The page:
Used car salespeople are notorious smooth talkers. The good ones can sell convertibles mid-winter in Alaska. You must be prepared to haggle for your life when stepping onto the lot. So is it worth it? Well, yes. According to loan information provider Bankrate.com, new autos lose around 20 percent of their value after leaving the lot.
each year after that: deduct another 20 percent. So used cars can be a bargain for a buyer if you pick the right one. Here are some tips to help you avoid a lemon.
One way to lower your chances of purchasing a bomb is only to consider manufacturer-certified cars. Certified automobiles have been inspected, repaired and tuned up by dealer mechanics. Of course, it would help if you also got an excellent extended warranty covering the necessities.
The National Automobile Dealer Association publishes the NADA Official Used Car Guide nadaguide.com. This manual and the Kelly Blue Book (kbb.com) list quotes of cars and trucks at all levels of quality.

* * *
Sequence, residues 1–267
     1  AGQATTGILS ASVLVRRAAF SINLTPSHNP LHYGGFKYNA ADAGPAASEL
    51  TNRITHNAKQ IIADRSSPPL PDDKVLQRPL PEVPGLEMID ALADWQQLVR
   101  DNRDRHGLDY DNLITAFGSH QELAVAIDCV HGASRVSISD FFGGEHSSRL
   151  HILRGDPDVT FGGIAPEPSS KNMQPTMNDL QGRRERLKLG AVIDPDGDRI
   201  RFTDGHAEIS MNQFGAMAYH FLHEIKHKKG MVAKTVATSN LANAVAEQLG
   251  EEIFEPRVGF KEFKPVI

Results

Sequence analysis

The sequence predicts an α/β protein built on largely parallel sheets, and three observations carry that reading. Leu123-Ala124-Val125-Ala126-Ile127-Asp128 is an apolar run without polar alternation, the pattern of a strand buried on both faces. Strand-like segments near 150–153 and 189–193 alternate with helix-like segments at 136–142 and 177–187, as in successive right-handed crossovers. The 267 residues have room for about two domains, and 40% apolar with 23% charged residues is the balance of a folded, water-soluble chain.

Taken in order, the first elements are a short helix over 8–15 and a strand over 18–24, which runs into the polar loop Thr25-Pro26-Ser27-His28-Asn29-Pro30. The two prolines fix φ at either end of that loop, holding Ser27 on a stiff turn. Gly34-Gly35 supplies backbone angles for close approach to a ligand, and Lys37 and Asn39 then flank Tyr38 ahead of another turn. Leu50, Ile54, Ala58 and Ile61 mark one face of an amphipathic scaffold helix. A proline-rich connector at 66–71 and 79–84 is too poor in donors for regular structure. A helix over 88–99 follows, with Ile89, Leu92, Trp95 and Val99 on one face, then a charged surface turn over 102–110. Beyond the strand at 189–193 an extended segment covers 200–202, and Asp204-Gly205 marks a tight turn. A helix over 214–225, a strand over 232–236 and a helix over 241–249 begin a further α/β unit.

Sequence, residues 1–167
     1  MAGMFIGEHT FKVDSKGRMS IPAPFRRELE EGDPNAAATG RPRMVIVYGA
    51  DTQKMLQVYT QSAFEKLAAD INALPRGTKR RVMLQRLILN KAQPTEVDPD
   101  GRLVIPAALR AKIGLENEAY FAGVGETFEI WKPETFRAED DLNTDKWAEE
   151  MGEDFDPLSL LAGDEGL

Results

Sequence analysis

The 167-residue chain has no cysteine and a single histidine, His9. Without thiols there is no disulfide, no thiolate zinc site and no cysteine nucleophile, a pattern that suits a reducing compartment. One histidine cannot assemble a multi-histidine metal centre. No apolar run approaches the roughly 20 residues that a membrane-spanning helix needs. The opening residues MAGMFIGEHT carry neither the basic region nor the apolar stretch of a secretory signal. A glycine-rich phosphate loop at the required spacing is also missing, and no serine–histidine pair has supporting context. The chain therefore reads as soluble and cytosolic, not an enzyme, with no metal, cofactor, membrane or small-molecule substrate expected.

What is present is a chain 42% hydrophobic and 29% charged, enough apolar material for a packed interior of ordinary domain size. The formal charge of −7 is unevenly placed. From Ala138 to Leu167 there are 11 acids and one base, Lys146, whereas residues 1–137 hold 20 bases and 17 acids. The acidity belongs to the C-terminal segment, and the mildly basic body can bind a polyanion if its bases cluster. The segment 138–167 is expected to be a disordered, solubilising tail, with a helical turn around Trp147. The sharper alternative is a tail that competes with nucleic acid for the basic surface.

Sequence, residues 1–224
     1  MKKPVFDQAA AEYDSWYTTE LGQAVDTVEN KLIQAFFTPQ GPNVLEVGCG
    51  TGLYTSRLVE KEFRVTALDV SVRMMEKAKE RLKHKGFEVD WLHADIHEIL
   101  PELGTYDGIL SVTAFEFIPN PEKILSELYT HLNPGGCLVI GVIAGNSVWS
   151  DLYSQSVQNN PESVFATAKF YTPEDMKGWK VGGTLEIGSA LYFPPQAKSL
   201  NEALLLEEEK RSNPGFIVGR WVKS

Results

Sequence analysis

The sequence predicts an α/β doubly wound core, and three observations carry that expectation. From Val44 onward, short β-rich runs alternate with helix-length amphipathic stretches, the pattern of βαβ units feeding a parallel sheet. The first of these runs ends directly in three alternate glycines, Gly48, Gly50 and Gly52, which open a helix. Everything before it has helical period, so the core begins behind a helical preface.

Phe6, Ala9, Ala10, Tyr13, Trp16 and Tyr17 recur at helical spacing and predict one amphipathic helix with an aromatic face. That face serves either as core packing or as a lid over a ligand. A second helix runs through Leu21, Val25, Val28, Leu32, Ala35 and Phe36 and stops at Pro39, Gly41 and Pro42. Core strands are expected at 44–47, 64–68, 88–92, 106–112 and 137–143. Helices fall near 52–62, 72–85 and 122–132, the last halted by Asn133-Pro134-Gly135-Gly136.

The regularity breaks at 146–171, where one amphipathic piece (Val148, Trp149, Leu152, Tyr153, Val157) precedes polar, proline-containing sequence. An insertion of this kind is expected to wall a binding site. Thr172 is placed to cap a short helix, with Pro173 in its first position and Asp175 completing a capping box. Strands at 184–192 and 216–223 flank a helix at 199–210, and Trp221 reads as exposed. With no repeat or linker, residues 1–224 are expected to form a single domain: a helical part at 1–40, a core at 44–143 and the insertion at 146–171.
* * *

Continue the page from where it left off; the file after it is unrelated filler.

Write down the vehicle identification number (VIN) and check out the car’s history at CarFax.com or Autocheck.com. Ask the dealer for any information on the prior owner. The information you will want to know includes what driving conditions the car has gone through (Los Angeles traffic, for example), what weather it has lived in, and if it has been in any accidents.
Do your inspection. Take the car for a test drive and put it to the test. No driving on the 25 MPH neighbourhood streets. Take it for a spin on the freeway and the type of roads you do your driving. Listen for any rattles or pings. Make sure everything works. If you have a mechanic, stop by and get a quick checkup. Make sure you get the tires, engine, undercarriage, and frame.